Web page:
Technology Ventures Corp (TVC)
While there are organizations and institutions that have been a part of New Mexico longer than Technology Ventures Corporation – better known locally as TVC – I am not sure there is an organization that has helped bring more funding into the state focused on investments in New Mexico-based tech companies or helped launch more tech startups or with the sole purpose of changing the economy through creating an entire support system to identify, support, grow and exit tech startups in the state. Please know that if there are, I welcome the corrections, as this is a personal look at what is going right in our state and not a thoroughly researched piece of journalism.
In fact, TVC first came on my personal radar when I was a freelance journalist. Assigned to write a profile on the iconic Sherman McCorkle, who was part of the initial team which, in 1993, launched TVC as a nonprofit 501-(c)3 as part of the initial bid by Lockheed Martin to manage Sandia National Laboratories. Sherman served as President and CEO and was deeply involved in the reach and scope of TVC until his exit in 2011. He also served on a long list of company’s boards as well as community and educational institutions. I interviewed Sherman in late 2010, one of the last assignments I took before wrapping up my writing career as I prepared to launch my own tech startup which didn’t even have a name at that point.
During my interview with Sherman, he was relaxed. He reclined behind his desk with his legs crossed, revealing his always iconic cowboy boots. But the moment I mentioned my idea to Sherman as an example of a follow-up question, he quickly abandoned the prospect of talking further about his own history. His face lit up with a wide smile as he uncrossed his legs and leaned forward behind his desk. For the next few moments, I shared my first tentative ideas about my business, which I hadn’t yet completely decided to launch. By the time we ended our interview, Sherman had pretty much moved me to the next steps of founding my own company. I once told him later that I never understood his willingness to not only humor me on that day but to continue to mentor me and provide introductions and access to those I needed to help with APPCityLife. His response has carried me through many dark, low points along the way. “There were several of us who saw the spark in you, who believed you had what it would take to become a great CEO,” he said. “Besides, you had a damn good idea.”
Sherman’s passion to foster those tiny sparks of possibility within individuals was infectious and became part of the culture of TVC that still drives today’s team. By their own accounting, TVC “… figured prominently in the production of more than $1.2 billion in venture capital investments,more than 120 new high-tech companies and more than 13,500 new jobs.” And as impressive as that is, – and as a repeat recipient myself of TVC’s services – it actually isn’t why I believe that TVC is one of the most important cogs in the wheel that is helping New Mexico rise. I believe TVC has served a vital role in our state because their entire focus is on what is best for the entrepreneurs they support. As a 501(c)3, TVC has the privilege of focusing on goals other than creating a revenue stream or building value off of those they serve, including:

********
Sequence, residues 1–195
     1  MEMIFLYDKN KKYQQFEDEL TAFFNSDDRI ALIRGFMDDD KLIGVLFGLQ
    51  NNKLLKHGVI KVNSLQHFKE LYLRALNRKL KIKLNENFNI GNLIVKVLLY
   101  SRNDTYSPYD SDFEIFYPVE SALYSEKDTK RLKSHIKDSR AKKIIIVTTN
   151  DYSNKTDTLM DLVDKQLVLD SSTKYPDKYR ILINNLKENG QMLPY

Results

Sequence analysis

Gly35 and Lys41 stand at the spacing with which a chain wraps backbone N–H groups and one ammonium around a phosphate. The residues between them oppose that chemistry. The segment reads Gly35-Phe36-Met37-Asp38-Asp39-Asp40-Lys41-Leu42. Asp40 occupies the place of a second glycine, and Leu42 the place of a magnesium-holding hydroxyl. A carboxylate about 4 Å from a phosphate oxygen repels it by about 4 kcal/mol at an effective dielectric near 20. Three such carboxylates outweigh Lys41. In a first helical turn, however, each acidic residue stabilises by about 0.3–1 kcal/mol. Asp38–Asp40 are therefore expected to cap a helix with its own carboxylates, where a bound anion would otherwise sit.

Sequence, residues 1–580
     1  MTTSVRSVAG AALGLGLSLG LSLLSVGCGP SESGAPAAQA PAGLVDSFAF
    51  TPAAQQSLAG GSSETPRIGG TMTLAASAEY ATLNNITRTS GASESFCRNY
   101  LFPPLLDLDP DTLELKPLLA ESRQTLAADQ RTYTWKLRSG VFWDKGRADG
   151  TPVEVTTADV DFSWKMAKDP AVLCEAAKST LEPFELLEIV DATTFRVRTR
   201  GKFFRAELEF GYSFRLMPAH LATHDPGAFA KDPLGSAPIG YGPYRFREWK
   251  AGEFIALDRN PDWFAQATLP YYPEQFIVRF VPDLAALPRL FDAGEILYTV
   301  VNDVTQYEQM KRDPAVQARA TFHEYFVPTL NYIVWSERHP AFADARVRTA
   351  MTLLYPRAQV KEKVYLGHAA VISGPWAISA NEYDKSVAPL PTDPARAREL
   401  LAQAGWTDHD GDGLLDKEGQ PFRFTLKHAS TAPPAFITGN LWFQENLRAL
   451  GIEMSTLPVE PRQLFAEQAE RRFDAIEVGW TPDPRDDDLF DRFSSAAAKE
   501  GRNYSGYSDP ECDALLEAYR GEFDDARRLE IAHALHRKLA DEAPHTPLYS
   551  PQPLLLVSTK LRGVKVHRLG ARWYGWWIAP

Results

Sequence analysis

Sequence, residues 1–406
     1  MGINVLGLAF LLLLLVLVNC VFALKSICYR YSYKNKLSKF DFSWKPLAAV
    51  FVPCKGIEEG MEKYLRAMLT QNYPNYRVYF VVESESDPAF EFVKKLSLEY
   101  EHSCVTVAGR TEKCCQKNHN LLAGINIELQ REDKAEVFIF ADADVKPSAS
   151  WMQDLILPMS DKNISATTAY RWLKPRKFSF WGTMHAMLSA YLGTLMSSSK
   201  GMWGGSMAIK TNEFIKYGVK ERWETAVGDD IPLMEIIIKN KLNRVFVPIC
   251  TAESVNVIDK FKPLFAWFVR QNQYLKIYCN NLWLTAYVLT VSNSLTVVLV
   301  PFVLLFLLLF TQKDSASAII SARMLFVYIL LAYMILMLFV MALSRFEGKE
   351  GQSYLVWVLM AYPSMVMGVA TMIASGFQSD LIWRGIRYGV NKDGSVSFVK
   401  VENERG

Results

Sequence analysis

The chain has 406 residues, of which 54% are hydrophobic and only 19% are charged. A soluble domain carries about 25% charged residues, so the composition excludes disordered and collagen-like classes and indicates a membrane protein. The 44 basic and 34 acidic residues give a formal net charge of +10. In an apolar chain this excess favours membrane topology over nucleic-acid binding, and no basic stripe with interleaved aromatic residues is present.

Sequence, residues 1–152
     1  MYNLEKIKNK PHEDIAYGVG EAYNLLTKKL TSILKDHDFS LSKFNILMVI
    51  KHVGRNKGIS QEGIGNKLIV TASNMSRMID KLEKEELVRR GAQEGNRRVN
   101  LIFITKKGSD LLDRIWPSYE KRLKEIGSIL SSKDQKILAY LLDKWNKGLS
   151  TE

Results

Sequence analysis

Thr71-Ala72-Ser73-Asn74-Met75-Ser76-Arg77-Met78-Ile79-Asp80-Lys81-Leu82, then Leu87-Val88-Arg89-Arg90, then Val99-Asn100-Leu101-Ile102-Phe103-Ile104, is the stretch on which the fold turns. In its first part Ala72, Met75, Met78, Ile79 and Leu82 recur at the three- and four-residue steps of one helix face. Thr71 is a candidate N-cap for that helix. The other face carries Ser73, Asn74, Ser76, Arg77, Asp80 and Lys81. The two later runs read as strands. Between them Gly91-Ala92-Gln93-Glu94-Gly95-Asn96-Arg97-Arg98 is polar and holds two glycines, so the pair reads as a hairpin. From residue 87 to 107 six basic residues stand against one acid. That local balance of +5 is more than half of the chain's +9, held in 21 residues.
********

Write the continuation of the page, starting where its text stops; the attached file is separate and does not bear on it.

- Free to the public classes on a continuing basis to empower startup founders to learn the tools needed to protect intellectual property as well as entrepreneurial training in partnership with Sandia
- Hosting one of the only major pitch events in New Mexico where promising tech companies are given vital national exposure after being mentored for several weeks to properly prepare for on-stage pitches to investors who attend the annual summit from across the country. In fact, one in three companies to go through the program have received funding – all without giving up any equity to TVC.
- TVC continues to foster tech transfer from the federal labs to entrepreneurs in the private sector, leveraging tech innovation already developed through our tax dollars into high-paying tech jobs in startups which are not dependent on federal funding but, instead, contribute to the tax base of the state.
In the past few years under the leadership of the organization’s current CEO, John Friesenger, TVC’s team has broadened its scope to embrace more tech companies which are not built on tech-transfer, including companies like my own. In fact, this year’s Deal Stream Summit features several companies which are private enterprise rather than tech transfer. I am excited to have the opportunity to share the vision of our company when I join nine other companies who will pitch at this year’s Deal Stream Summit on October 7, 2014, in Albuquerque.
In the past decade, the number of organizations and groups springing up across the country whose revenue and growth are completely dependent on entrepreneurs has exploded and have generated increased concern over the burgeoning numbers from many in the industry including Mark Cuban. TVC has been serving the startup community long before it was vogue to be a startup and has continued to evolve to support today’s startups. TVC is a shining star among the organizations helping us all watch New Mexico rise.
If you have a story about your own experience with TVC or want to share a part of their history that might not be covered here, please share your comments here.